Music[edit]

Many reviews of the album noted the variety of musical styles present on Infiltrate•Destroy•Rebuild, which was described in a positive manner. AllMusic's Torreano dubbed "Escape from Hellview" a "metal anthem", suggested that "Plastic Plan" showcased a "disco beat and lifting melodies", and described "Sporadic Movement" as "gothic metal".[13] Tranter of PopMatters offered many of the same descriptions in her review, also describing "Close Yet Far" as a "sultry pop-rock ballad" and including "Flesh into Gear" and "Frenetic Amnesic" alongside "Escape from Hellview" in the bracket of "neat heavy rock tunes".[12] She concluded that the album is "impossible to label".[12]

A review on Punknews.org suggested that many bands mix musical genres and "end up sounding pieced together and unnatural", contrasting that CKY's attempt gave them "a sound distinctly their own", highlighting the guitar riffs, electronic elements, and distortion effects as contributing factors.[14] Sputnikmusic identified stylistic similarities with stoner rock, punk rock and groove metal acts,[15] while Billboard magazine described its sound as "sometimes reminiscent of classic metal ... [with] a jagged punk edge", describing the material as "aggressive, yet melodic".[16]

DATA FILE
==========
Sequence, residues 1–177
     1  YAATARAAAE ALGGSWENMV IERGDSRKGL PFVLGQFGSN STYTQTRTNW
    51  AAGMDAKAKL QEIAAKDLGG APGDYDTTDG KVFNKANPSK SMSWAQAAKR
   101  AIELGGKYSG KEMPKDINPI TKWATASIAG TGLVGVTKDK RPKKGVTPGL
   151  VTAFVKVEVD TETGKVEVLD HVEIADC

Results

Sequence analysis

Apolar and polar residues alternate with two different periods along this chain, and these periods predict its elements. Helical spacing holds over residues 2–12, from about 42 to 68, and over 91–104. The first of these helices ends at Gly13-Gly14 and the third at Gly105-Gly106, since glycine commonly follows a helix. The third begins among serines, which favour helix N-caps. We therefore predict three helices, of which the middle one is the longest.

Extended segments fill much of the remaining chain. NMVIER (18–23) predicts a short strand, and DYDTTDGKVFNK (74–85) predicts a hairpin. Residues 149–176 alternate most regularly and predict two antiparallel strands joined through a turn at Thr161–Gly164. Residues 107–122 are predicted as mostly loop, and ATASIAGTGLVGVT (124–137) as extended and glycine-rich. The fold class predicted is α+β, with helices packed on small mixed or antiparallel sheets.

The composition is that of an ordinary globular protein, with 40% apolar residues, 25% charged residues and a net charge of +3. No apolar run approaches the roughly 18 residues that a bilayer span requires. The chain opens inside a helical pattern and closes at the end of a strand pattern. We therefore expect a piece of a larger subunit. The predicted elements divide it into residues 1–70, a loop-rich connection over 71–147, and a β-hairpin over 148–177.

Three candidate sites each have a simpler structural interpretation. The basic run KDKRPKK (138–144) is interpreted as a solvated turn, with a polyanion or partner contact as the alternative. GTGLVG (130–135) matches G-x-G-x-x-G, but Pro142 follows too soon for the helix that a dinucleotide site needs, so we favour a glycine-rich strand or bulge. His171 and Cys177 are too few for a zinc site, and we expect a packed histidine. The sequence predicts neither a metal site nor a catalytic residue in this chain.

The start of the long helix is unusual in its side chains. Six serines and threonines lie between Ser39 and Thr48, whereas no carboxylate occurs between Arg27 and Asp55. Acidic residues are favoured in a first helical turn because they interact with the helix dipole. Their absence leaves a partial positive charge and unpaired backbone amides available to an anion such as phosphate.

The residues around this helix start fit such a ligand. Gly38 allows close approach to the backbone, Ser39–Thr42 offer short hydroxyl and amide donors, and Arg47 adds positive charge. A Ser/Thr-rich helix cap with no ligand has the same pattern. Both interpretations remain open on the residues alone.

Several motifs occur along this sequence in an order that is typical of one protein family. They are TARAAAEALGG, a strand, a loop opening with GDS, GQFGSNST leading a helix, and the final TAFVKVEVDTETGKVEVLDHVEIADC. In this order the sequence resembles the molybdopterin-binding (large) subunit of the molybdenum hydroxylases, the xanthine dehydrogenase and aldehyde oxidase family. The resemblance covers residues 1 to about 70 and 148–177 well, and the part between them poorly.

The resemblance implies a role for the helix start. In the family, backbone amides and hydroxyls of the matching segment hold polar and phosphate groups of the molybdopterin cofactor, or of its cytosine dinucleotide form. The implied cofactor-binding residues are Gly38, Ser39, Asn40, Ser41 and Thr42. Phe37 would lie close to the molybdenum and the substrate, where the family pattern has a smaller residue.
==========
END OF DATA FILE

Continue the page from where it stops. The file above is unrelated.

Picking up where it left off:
Reception[edit]

Commercial[edit]

Infiltrate•Destroy•Rebuild was the first album released by CKY to register on a music chart, reaching number 99 on the US Billboard 200.[17] Outside of the US, it also reached number 108 on the UK Albums Chart and number 10 on the UK Rock & Metal Albums Chart.[18][19] According to Miller, as of August 2015 the album had sold over 315,000 copies, making it the best-selling CKY album.[20]

Critical[edit]

Professional ratings
Review scores
Source Rating
AllMusic 4/5 stars[13]
Billboard Favorable[16]
PopMatters Favorable[12]
Punknews.org 3.5/5 stars[14]
Sputnikmusic 4/5[15]

Media response to Infiltrate•Destroy•Rebuild was generally positive. AllMusic's Torreano awarded the album four out of five stars, describing it as "an irony-free exploration of heavy music that goes straight for the gut and keeps on punching".[13] He praised the band's variety of styles on the release, highlighting tracks such as "Escape from Hellview" and "Sporadic Movement".[13] PopMatters writer Tranter was similarly positive, describing IDR as "an album of expert modern rock tunes, bursting with intelligent ... lyrics and first-rate, progressive musical experimentation".[12]

Punknews.org's review praised the album's writing and production, noting that it is "a definite progression from their previous work" but claiming that it "has some brief moments that become almost too poppy for its own good", namely on "Plastic Plan".[14] Sputnikmusic's review also named "Plastic Plan" as a particularly weak point of the album, criticising the "crowbarred into place" chorus and claiming that it lets the album down.[15]

Track listing[edit]

All tracks written by Deron Miller with Chad I Ginsburg and Jess Margera.